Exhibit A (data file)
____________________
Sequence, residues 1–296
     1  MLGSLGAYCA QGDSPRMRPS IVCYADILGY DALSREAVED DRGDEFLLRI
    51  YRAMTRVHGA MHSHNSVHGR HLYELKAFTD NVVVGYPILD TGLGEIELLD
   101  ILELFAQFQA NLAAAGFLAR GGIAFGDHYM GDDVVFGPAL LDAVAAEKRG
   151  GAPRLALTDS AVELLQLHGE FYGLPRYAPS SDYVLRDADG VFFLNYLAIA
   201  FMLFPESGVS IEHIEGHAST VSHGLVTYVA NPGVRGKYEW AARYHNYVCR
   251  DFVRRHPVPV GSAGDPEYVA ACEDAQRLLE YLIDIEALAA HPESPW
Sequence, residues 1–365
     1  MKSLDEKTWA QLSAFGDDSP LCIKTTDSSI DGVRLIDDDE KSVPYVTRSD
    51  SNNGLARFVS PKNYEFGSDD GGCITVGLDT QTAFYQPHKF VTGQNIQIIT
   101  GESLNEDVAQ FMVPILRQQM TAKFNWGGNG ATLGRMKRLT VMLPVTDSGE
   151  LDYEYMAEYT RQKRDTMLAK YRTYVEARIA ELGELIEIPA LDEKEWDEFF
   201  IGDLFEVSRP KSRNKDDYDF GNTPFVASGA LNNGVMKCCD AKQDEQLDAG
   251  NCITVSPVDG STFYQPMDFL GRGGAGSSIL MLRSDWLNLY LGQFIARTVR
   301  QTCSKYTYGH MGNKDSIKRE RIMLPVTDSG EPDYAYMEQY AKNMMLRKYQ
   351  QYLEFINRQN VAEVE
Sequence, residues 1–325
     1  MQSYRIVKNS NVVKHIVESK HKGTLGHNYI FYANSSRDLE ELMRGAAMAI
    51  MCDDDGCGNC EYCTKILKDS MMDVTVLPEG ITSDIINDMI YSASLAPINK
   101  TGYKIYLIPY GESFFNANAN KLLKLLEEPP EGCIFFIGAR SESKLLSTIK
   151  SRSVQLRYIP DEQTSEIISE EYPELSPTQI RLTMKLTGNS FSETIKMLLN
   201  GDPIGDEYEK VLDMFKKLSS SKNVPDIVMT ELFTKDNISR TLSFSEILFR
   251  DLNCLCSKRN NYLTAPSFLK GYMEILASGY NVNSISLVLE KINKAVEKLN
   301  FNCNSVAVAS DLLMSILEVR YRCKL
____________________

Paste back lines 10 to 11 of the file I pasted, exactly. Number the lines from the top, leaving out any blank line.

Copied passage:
    51  SNNGLARFVS PKNYEFGSDD GGCITVGLDT QTAFYQPHKF VTGQNIQIIT
   101  GESLNEDVAQ FMVPILRQQM TAKFNWGGNG ATLGRMKRLT VMLPVTDSGE